The website was called Kiwi.com (and it is now on my list of best ways to find low airfare). They have a great flight price map which helps you figure out better countries to fly from while you conduct your search. They also list small airlines that weren’t being listed on other websites. This is where I finally found a deal!
Edited for clarification:
the brands & companies mentioned (including Kiwi) did NOT pay me nor contact me for this mention. But they need to — Kiwi, where you at!? I’m out here giving free advertisement. Also they’re not the best at finding flights, they just solved this situation for me. I still recommend using all of the above sites when searching.
(The image below is a snapshot of their website layout. This is not the deal I found.)
Finally Found Flights!
I’ve used them before for reference, as I mentioned, but I never actually booked through them. In the past the listings just gave me travel ideas and then I would process the booking with airlines directly (or using points on the Chase travel portal).
This time, however, I had no time for all that. I saw a set of flights from London > Barcelona > Porto with Vueling and TAP Portugal that would land in EWR (Newark, NJ) for the cheapest price — and leaving that evening! The flights also came with a transfer guarantee (in case the Vueling flight made us miss our TAP Portugal flights).
NOTE ON BOOKING SEPARATE FLIGHTS (from any 3rd-party): If you aren’t familiar with booking separate airlines, you should know that if Airline #1’s flight shows up late, they are not responsible -nor will they compensate you- for missing Airline #2’s flight. In addition, Airline #2 is not obligated to get you on another flight if you weren’t checked in; they don’t care about what happened with their competition. So always make sure you give yourself extra layover time or buy insurance (or book with a transfer guarantee like we got).
I immediately BOOKED IT. For two people it totaled about $950, but there was a catch…
Another glitch in our plans
As if our experience couldn’t get anymore complicated, our newly booked flights were leaving from a different airport than our rental car drop off. We initially planned to fly out of London Stansted (before Primera Air left us hanging), but this flight deal departed from Gatwick Airport — nearly two hours away from the Stansted drop off location.
Doing the math: if we drove 1hr 30m to Stansted to drop off the car, then transferred and booked public transit to travel two hours to Gatwick (all assuming no traffic) we’d need a minimum five-hour leeway in order to arrive 2-3 hours early for an international flight. Say that three times fast.
Long story short: we’d be cutting it really close and spending even more money on last minute train tickets. Let’s not forget train departure times aren’t being accounted for in this calculation.
Instead we called up the rental car company (we used Europcar but I didn’t like that they wouldn’t accept our 3rd party insurance and forced us to buy theirs when we picked the car up, so go book from Easirent instead, hmph! I just have an attitude — honestly they were both just okay.)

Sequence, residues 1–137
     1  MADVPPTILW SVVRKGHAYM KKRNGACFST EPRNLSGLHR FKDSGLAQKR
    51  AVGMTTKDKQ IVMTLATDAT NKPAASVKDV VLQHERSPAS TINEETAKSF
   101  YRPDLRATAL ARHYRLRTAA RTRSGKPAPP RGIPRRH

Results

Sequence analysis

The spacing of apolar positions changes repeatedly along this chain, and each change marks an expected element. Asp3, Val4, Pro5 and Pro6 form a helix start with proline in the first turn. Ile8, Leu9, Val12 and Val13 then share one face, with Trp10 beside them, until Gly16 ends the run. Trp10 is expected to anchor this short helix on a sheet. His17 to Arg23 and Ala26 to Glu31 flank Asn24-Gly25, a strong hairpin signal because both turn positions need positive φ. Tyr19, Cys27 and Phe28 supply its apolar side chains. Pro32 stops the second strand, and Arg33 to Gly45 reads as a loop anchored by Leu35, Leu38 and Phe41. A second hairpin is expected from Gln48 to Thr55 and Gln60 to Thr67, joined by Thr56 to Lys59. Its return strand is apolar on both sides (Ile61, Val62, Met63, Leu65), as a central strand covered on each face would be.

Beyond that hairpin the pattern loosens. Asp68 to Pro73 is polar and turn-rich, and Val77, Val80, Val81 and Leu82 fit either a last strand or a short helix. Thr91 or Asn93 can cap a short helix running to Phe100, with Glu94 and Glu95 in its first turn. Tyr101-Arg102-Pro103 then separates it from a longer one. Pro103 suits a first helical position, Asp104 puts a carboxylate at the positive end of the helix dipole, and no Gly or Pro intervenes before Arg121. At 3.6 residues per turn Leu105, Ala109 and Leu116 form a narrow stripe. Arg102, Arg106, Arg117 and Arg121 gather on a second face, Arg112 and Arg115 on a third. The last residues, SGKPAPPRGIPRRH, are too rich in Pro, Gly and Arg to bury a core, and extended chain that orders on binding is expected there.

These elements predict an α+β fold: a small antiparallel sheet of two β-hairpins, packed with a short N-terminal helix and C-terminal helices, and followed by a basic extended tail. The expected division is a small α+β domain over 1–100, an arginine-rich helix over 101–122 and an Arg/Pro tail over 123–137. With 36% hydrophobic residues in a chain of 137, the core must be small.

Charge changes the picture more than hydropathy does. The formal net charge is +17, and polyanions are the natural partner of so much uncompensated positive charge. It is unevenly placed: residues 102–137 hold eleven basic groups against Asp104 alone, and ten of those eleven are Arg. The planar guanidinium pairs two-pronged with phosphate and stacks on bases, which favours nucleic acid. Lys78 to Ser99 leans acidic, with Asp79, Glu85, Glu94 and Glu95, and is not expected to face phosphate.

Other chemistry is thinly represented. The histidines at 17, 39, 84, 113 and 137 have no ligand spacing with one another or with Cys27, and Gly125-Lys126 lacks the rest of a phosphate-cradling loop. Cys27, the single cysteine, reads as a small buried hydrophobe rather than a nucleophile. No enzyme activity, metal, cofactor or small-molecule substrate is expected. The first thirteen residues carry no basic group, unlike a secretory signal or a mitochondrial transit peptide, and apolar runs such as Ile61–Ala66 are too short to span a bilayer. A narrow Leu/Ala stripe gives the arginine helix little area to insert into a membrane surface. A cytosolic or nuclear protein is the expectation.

After a bit of a runaround, Europcar ended up being pretty flexible when it came to changing the drop off location to Gatwick Airport. It cost an additional $45 but saved us a lot of time.
Off to Gatwick Airport to begin our journey
Yes, we were about $1,000 poorer but things were looking up. We were driving to the new Europcar drop off location and just had to reconfigure our baggage to meet the airline weight requirements of our newly booked flights. Primera Air had a 10kg carry-on limit. Thinking back on it, we shouldn’t have moaned about it because Vueling and TAP Portugal airlines had an 8kg limit, according to our confirmed tickets.
After dropping off our car, we sneaked off to a corner and prepared to layer ourselves with as much heavy clothing as possible to lighten our bags. It didn’t help that we purchased a new (gorgeous) wool blanket from Scotland to support the National Trust. That thing was pretty thick.
I brought out my scale (I always carry it with me — you should get one, it’s about $15) and weighed the bags. But we had a problem… we were still over the limit! I ended up throwing away a rundown pair of shoes, jeans, pants, and a top to lighten the load. Alex threw out a few things too (and I later found out, snuck his rundown trainers back in his bag — we were supposed to be sacrificing together!)
We tried our best, but we still were slightly over the limit.
Exhausted, we gave up and went to the check-in desk, awaiting our fate. At Primera Air (we flew them when we came to the UK) they were really strict about bag weight, so we expected our first leg with Vueling to be equally harsh.
Finally an ounce of luck: we quickly learned Vueling was NOT strict at all (at least, not this agent at Gatwick). At check in, she didn’t even look twice at our bags. I wouldn’t be surprised if she didn’t look twice at our passports, either.
Our flight to Barcelona was two hours in pretty uncomfortable economy seats that didn’t recline, nor did it offer entertainment. Unlike U.S. economy flights though, they still offered a free ham sandwich and dessert.
Another hurdle to jump
We arrived in Barcelona, Spain around 12:45am. Our initial plan was to head over to TAP Portugal’s section and sleep there until our 10:00am flight to Porto, Portugal.